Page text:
Applicability

In Sri Lanka, the freedom of movement, mobility or right to travel is a human rights concept which is respected in the constitution of numerous states, and international instruments. It asserts that a citizen of a state in which he lives generally has the right to leave that state, travel and return to that state at any time.

This right is enshrined in Chapter III of Fundamental Rights especially in Article 14 (1) which states that every citizen is entitled to (h) the freedom of movement and of choosing his residence within Sri Lanka and (i) the freedom to return to Sri Lanka.

The landmark case in Sri Lanka is the case of "Kusumawathie" who is a resident of Trincomalee District, came to Tissamaharama, during the disturbing era of "Indo Sri Lanka Accord". Dr P.M.B. Cyril- the District Minister rounded up the citizens hovering around Tissamaharamaya and steps were taken to send them back to Trincomalee. Kusumawathie and other stranded citizens approached this writer who at the time was the General Secretary of the Bar Association of and Administrator of the Legal Aid Commission in Sri Lanka. This writer promptly took leave to proceed from the Supreme Court by himself and the final argument was handed over to Dr Colvin R de Silva who presented the case to the Supreme Court headed by Justice Sharvananda. The Supreme Court declared that any citizen in Sri Lanka has the right to reside anywhere in the country and the appellant was paid substantial compensation for the violation of their fundamental rights and the agony gone through as a result. This is one of the initial test cases at the stage the fundamental right jurisdiction was being tested and fast emerging with the help of the Bar Association and the Legal Aid Commission active and acting on public interest introducing novel strategies in the areas of public interest litigation. This indicates how this concept is in practice in Sri Lanka all the time.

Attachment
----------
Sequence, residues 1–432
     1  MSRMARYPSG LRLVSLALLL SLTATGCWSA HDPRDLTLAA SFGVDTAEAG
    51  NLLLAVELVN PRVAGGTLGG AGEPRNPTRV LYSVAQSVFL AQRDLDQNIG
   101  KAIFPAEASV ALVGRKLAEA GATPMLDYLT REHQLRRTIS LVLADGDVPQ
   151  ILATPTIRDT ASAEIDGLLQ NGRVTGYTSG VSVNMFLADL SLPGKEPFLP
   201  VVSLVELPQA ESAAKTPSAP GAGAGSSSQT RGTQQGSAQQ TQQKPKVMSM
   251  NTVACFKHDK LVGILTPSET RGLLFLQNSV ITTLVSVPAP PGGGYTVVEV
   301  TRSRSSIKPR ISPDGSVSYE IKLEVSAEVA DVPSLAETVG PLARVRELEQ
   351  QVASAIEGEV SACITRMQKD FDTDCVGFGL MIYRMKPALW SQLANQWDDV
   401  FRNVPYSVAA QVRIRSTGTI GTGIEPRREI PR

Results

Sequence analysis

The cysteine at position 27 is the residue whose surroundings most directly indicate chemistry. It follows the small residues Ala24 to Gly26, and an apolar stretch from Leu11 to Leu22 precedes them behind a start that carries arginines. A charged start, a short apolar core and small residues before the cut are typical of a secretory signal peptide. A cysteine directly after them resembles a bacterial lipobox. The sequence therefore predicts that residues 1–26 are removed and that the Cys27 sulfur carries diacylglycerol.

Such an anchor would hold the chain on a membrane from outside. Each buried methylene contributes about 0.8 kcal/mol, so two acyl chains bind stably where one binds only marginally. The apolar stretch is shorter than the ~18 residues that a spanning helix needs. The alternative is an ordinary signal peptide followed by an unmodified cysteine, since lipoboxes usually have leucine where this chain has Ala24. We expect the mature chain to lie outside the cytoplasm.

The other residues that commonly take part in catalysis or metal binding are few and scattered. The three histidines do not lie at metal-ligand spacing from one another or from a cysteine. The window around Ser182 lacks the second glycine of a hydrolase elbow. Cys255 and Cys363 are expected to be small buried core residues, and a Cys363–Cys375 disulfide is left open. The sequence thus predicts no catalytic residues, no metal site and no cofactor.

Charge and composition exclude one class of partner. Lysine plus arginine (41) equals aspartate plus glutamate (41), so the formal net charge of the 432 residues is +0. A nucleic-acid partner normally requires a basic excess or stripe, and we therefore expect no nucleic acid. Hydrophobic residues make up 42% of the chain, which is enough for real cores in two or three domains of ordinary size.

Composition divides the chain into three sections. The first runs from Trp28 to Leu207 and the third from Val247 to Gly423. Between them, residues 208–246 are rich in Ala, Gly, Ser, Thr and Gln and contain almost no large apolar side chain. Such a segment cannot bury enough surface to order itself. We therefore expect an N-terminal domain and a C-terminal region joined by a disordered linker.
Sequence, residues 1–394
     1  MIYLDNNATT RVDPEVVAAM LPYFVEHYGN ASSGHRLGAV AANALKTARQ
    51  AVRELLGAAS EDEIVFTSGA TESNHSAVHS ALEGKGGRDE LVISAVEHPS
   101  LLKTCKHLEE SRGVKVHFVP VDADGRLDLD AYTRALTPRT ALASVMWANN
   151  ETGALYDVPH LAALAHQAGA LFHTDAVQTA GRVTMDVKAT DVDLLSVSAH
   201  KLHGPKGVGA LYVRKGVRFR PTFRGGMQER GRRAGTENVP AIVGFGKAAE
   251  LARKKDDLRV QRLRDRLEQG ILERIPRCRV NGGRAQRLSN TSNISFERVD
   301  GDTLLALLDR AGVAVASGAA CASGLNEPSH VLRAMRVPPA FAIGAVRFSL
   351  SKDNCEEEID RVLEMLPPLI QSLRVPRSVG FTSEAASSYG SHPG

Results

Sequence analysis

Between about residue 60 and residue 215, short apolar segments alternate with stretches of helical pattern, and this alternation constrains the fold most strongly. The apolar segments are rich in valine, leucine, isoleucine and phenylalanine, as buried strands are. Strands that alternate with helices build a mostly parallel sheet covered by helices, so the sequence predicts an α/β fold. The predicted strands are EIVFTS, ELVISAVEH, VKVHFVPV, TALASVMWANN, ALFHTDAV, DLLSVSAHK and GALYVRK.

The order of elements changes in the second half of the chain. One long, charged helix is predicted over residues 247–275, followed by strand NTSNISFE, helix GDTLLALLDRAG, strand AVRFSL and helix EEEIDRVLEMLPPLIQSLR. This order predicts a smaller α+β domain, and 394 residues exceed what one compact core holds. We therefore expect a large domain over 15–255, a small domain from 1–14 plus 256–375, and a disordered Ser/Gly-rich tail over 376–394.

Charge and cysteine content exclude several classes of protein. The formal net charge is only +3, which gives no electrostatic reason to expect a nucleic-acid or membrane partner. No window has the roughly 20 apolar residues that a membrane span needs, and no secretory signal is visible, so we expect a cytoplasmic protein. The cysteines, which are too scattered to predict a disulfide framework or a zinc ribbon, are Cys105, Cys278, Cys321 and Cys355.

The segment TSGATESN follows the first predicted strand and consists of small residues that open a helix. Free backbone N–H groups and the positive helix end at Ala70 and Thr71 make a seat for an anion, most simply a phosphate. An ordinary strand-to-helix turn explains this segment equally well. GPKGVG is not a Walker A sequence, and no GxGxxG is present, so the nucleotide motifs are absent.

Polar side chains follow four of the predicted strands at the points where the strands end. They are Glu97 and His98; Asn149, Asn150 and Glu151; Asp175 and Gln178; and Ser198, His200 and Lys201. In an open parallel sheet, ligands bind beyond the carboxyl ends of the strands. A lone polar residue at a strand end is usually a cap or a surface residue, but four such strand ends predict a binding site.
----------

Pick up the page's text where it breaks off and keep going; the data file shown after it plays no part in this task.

Current situation

The current situation in Sri Lanka too is the same, but not identical and similar. The Ministry of Defence is taking swift steps to register in their own interest and safety, with no compulsion to remove them from Colombo which has converted to a sieged city due to dis-propionate infiltration of citizens from North and the East in order to live with Sinhala brethren in fear of LTTE. In the process LTTE too are sending trained suicide cadre in order to destabilise the life of the citizens in the capital. True every citizen has the right. But LTTE suicide cadre is eagerly awaiting for opportunities to intermingle with the ordinary citizens with their organised network and enormous funds raised worldwide by drug and human trafficking and illegal trade and fund raising events.

The views and comments made on this subject by various organisations are varied and controversial. "The Hindu" calls this "racial proffering" as the majority of those registered are Tamils. This process should have been conducted in a more refined and sophisticated manner by not giving an ethnic colour. It is true that the ethnic proportion in Colombo has changed, so that the Tamil community in Colombo has drastically changed for the community to be the majority community. It is the freedom of the citizens to live anywhere in the country and the Sinhala and Muslim community in the country and the capital has accepted the reality. Citizens flee away from North and East to live with Sinhalese in other parts- mainly Colombo the capital which is a very encouraging phenomenon which should be encouraged and monitored in the interest of innocent law abiding citizens.